Winter camping is a great way to have fun outside. It’ll also help you learn to stay warm and dry when you’re out in the elements.
“Everyone hates being cold,” says Kristin Arnold, American Mountain Guides Association guide and trainer. “You can repurpose a lot of the gear you use for three-season camping for winter camping. You don’t need to buy all new gear.”
STAYING WARM OUTDOORS
Arnold’s top tip for staying warm is to layer wool, fleece, down and synthetic clothing you already own so that if you sweat, the fabric wicks the moisture away from your body. You can fine-tune your temperature by taking off layers.
“Avoid cotton,” Arnold says. “It freezes when it gets wet. Wear wool socks. Always wear a hat. Once you’re cold, it takes more energy to get warm. Maintaining body temperature is more efficient.”
DEALING WITH THE ENVIRONMENT
For your first winter camping adventure, start with an overnighter and build up to a multiday trip. When there’s snow on the ground, shovel or stomp it to create a flat surface for your tent. This will make sleeping more comfortable. Stakes pull out in the snow, so instead, tie stuff sacks filled with snow or use sticks placed parallel with the ground to your guylines and bury them.
Place blocks of snow around the outside of your vestibule to block the wind. If you live in avalanche country, avoid camping near open trees and open slopes where there could be a slide.
EAT AND DRINK!
“Have a plan, tell people where you’re going and don’t forget the snacks,” Arnold says. “In winter, eating and drinking are key to reducing the chance of frostbite — and to having maximum fun.”
Bring food that’s easy to prepare. Dehydrated meals are perfect for winter camping because meal prep is simply boiling water, and there’s little clean up. Hot drinks are the best when you’re winter camping. Another pro tip from Arnold: If you have to pee, don’t wait. Holding your pee can make you cold.
You’ll also want a sleeping bag rated for the coldest temperatures you’ll experience (or colder). If your bag isn’t quite warm enough, add a sleeping bag liner, double up bags if you have more than one and wear all your layers.
Anything outside your sleeping bag will likely be moist in the morning from frozen condensation. If you want to dry clothing overnight, place it between your bag and pad. Turn your boots upside-down in your tent so the insides stay dry. Open your tent vents before you go to bed. Your breath will freeze at night and make the inside of the tent frosty, which will make it feel like it’s snowing inside.
To stay warm while you sleep, fill a Nalgene water bottle ($17) with hot water before bed and tuck it into your sleeping bag, too. If the bottle is too hot, slide it inside a sock.
For winter camping, you need insulated waterproof boots that are high enough to keep out the snow. MUCKBOOTS (starting around $110 a pair, muckbootcompany.com) makes highly insulated, high-traction boots rated to 40 below zero. They’re great, especially for a weekend campout. Insulated hiking boots work, too. For longer trips, consider winter boots with a removable liner that you can take out and keep in your sleeping bag overnight. That way, your feet will stay warm after you put your boots on in the morning.
In deep snow, skis or snowshoes are essential. Both keep you from punching through soft snow, which is tiring and makes the trail terrible for other travelers. If you can walk, you can snowshoe. Try ALPTREK’S PEAK SNOWSHOE KIT ($180, alptrekgear.com), which comes with a set of aluminum trekking poles with winter baskets and a carry bag.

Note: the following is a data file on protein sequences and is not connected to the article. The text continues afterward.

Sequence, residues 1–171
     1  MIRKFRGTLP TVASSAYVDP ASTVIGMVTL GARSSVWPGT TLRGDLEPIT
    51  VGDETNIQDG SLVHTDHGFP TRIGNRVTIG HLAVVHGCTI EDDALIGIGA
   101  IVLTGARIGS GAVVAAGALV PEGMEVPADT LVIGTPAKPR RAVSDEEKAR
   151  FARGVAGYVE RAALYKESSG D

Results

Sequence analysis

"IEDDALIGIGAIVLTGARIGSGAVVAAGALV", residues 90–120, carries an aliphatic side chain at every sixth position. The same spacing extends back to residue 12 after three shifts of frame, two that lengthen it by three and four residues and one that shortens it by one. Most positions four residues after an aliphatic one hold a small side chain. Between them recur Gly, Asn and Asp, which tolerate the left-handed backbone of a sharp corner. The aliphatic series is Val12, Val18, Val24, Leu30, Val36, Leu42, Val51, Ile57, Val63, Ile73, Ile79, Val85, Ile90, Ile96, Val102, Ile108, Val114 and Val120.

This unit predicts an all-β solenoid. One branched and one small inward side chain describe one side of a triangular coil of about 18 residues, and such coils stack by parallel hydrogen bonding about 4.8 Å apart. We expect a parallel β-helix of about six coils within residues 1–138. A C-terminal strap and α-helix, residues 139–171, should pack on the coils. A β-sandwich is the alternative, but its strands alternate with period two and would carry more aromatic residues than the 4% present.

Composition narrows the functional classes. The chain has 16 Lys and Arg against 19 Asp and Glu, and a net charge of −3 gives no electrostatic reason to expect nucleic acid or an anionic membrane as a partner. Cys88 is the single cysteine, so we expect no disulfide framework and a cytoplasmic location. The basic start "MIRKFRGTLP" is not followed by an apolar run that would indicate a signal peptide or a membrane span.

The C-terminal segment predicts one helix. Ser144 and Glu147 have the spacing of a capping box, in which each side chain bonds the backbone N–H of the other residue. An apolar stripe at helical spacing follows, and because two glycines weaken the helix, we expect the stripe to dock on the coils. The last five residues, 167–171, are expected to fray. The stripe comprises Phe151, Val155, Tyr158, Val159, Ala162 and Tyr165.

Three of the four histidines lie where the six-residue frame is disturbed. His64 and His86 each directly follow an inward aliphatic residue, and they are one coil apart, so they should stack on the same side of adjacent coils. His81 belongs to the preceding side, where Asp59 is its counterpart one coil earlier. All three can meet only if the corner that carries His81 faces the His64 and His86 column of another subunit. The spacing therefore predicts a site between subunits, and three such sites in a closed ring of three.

If you have a canister stove, bring an extra fuel canister for winter camping and warm it next to your body. If your stove sputters out, turn it off and swap canisters. We like GSI’S PINNACLE FOUR-SEASON STOVE ($80, gsioutdoors.com) paired with GSI’s winter-optimized isobutane fuel, which can be used with any canister stove.
A white gas stove is the most dependable for freezing weather. MSR’s tried-and-true WHISPERLITE UNIVERSAL STOVE ($200, msrgear.com) works with both canister fuel and white gas. Learn about BSA chemical fuels and equipment safety guidelines at go.scoutlife.org/fuel
A three-season tent can work in winter if there’s no snow in the forecast. A four-season tent has the best weather protection and the best moisture management. Eureka’s heavy-duty wind- and rain-shedding EL CAPITAN 2 OUTFITTER TENT ($260, eurekacamping.johnsonoutdoors.com) is one of the most affordable options.
If you’re looking for a winter sleeping bag, consider BIG AGNES’ BENCHMARK 0 ($160, bigagnes.com). It’s one of the most affordable, backpackable, high-quality zero-degree bags. Made from high-loft synthetic with a water-repellent shell, it’s oh-so-warm.
You’ll pay more for a down bag, but down is more packable, lighter and has a cozy warmth. MOUNTAIN HARDWEAR’S BISHOP PASS 0 ($325, mountainhardwear.com) is a toasty mummy bag with a spacious footbox.
If you already have an insulated sleeping pad, you don’t need to buy another one. But do add a closed-cell foam mat to whatever you’re already sleeping on to increase the R-value, which describes how insulative the mat is. Try NEMO’S SWITCHBACK ($45-$55, nemoequipment.com), which uses a thermal reflective layer and heat-trapping depressions to boost your current pad’s warmth.
A good backpack is key to getting gear to your winter camping spot. You might be able to make your summer backpack work, though winter gear is often bulkier. DECATHLON’S FORCLAZ MT500 AIR BACKPACK ($149-$159, decathlon.com) offers 55-liter and 60-liter versions, both of which are adjustable to give you 10 more liters of space. They feel good to carry even when fully loaded.
If there’s one thing extra you might want to pack, make it a cozy pair of slippers with a good sole. THE NORTH FACE’S THERMOBALL TRACTION BOOTIES ($69, thenorthface.com) are comfortable and keep you warm out in the snow.
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